Help restore U.S. global leadership on refugee protection

names added. Updated goal:
A person holding their children.
Kidosan rests with her three-month-old twins at the Um Rakuba refugee camp in Sudan. “I couldn’t take anything, and there was no one to help, so I escaped only with my husband and kids,” she said.

This month, we recognize World Refugee Day as an opportunity to shine a light on the families who have been forced to flee their homes due to conflict and persecution — waiting to return home or for a new place to rebuild their lives. Increasingly, they are waiting longer and longer: of the over 26 million refugees around the world, about 11.6 million live in protracted refugee situations and 4.1 million have been refugees for over 20 years. The COVID-19 pandemic has further increased refugees’ vulnerabilities — not only to contagion — but also to severe economic and social impacts. According to the United Nations refugee agency, UNHCR, 90% of refugee children have had their education reduced or stopped, with older girls particularly at risk of dropping out of school permanently due to COVID-19 closures.

Tell Congress to support life-saving refugee programs and increase the U.S. refugee resettlement cap.

Last month, President Biden announced that he was following through on his promise to raise the U.S. refugee admissions cap to 62,500 this year. While we're one step closer to historic refugee admission levels, there are thousands more in the world who need support abroad while fleeing conflict and persecution.

While refugees wait for durable solutions to rebuild their lives, foreign assistance is a powerful tool to help alleviate their suffering and support host communities. This critical support provides nutritious food, access to life-saving healthcare during a global pandemic, clean water and safe shelter when women, men and children are forcibly displaced from their homes, often with nothing but the clothes on their backs.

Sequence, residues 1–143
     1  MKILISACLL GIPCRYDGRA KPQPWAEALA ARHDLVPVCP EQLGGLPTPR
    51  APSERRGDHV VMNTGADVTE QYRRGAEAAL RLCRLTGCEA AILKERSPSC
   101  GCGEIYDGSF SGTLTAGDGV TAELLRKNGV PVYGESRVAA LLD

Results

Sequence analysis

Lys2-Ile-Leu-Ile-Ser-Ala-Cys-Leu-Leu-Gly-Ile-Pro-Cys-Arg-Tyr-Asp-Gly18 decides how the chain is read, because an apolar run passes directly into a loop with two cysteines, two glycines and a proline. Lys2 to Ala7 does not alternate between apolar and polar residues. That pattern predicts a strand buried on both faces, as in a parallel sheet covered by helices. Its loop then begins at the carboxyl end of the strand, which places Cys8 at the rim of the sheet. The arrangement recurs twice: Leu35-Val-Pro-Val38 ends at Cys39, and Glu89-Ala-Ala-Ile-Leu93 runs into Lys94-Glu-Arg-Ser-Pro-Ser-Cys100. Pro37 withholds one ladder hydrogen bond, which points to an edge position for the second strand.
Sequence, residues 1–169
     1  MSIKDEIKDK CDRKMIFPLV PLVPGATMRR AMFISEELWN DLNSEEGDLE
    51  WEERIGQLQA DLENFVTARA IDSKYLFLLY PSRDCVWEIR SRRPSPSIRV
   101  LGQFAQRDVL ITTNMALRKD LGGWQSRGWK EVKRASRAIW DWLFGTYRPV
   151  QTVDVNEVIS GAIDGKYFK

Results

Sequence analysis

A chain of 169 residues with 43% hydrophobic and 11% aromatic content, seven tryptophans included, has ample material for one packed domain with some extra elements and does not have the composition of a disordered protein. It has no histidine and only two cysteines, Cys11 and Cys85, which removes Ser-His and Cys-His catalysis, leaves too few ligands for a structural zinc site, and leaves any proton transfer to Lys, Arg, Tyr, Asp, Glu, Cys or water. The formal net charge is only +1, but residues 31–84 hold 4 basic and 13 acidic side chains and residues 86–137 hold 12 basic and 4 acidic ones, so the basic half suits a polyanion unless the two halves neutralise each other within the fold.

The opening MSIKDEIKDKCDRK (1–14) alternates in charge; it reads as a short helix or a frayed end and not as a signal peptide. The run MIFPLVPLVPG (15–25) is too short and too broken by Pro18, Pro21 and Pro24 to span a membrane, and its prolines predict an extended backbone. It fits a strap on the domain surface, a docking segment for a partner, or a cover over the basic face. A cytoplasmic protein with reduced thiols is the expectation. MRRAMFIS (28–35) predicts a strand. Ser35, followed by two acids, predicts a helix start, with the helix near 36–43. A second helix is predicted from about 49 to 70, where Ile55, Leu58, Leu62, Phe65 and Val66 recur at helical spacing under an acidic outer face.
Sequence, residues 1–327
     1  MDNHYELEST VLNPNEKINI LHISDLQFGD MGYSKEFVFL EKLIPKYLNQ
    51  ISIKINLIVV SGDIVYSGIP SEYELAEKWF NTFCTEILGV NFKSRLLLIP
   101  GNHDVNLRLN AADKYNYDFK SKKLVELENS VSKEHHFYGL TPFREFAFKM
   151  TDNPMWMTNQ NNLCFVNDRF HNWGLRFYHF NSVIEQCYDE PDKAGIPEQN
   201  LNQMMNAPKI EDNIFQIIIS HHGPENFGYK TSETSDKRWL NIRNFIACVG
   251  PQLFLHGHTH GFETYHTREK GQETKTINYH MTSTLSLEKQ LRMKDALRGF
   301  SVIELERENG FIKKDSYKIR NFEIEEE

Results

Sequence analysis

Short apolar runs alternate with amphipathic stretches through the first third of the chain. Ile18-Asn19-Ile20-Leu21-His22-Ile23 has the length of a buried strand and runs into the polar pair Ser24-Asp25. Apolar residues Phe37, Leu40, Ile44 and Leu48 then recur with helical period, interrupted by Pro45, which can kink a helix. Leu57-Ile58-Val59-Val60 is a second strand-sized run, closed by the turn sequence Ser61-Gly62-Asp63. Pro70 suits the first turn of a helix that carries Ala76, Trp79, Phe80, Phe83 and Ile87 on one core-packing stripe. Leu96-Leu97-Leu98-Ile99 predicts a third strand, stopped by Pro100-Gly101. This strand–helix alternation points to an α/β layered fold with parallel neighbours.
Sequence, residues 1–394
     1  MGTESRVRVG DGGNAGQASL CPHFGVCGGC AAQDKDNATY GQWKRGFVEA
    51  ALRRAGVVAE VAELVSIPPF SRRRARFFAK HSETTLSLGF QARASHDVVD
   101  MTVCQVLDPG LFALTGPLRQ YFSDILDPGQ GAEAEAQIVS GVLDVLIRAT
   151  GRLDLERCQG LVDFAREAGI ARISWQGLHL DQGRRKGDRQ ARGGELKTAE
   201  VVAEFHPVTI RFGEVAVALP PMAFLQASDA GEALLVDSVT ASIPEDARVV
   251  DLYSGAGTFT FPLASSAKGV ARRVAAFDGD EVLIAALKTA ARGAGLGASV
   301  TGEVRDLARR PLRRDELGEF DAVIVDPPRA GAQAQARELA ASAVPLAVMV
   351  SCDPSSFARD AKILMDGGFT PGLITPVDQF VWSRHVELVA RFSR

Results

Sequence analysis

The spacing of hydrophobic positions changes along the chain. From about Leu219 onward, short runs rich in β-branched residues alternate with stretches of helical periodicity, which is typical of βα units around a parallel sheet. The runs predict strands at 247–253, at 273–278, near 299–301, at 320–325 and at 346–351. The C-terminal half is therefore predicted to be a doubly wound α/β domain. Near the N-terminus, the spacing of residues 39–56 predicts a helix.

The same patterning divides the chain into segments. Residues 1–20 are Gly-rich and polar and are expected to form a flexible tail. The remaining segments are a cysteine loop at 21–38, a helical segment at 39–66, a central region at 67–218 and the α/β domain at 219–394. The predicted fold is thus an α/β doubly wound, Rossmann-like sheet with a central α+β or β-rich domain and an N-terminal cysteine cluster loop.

The United States has a long and proud history of supporting and welcoming refugees. Congress has an important role to play in deciding whether America will continue to be a global humanitarian leader both by holding the Biden Administration to its goal of 125,000 refugees admitted in FY22 and by funding programs to support refugees around the globe. The lives of millions depend on it.

You can help provide the funding that is a lifeline for so many families in need. Sign now and urge your member of Congress to support global refugee programming and hold the Biden Administration to its promised 125,000 refugee admissions ceiling.

Here is the letter we’ll send to Congress on your behalf:

Dear Member of Congress,

I am writing to ask for your help in restoring U.S. global leadership on refugee protection by providing robust levels of funding for lifesaving global refugee programs in the appropriations bill, and by using your voice to encourage the U.S. Administration to welcome at least 125,000 refugees in fiscal year 2022.

As your constituent, I urge you to stand up for families who have been forced to flee their homes. Often, they live for years in limbo, with limited resources to rebuild their lives. This has been further exacerbated over the past year, as the COVID-19 pandemic has diminished resources and made displaced populations more vulnerable to economic and health impacts.

U.S. foreign assistance brings a small piece of safety and security back into their lives. Programs funded by the Migration and Refugee Assistance (MRA) account within the International Affairs budget provide clean water, healthcare and safe shelter for families, education for children who do not have access to schools or safe spaces for young girls in refugee camps. As the COVID-19 pandemic continues to restrict movement and access to basic needs for millions of refugees around the globe, I urge you to support providing at least $4.12 billion for the Migration and Refugee Account in FY22.

Moreover, I ask you to ensure the Administration does everything in its power to set a refugee admissions ceiling of 125,000 for FY22 and provide the necessary resources to complete screenings in a timely manner. This higher cap reaffirms the U.S. government’s bipartisan tradition of welcoming the world’s persecuted and marginalized and restores its global leadership in providing humanitarian aid.